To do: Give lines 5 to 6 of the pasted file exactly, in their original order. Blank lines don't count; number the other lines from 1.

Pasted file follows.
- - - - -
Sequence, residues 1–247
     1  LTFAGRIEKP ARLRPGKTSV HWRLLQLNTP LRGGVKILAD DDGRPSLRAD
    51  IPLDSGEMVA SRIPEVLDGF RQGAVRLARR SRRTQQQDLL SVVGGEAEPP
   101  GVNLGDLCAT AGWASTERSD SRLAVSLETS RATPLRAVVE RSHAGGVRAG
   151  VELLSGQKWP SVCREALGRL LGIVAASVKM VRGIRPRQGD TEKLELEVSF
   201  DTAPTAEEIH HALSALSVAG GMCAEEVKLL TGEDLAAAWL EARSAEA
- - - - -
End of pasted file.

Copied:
   151  VELLSGQKWP SVCREALGRL LGIVAASVKM VRGIRPRQGD TEKLELEVSF
   201  DTAPTAEEIH HALSALSVAG GMCAEEVKLL TGEDLAAAWL EARSAEA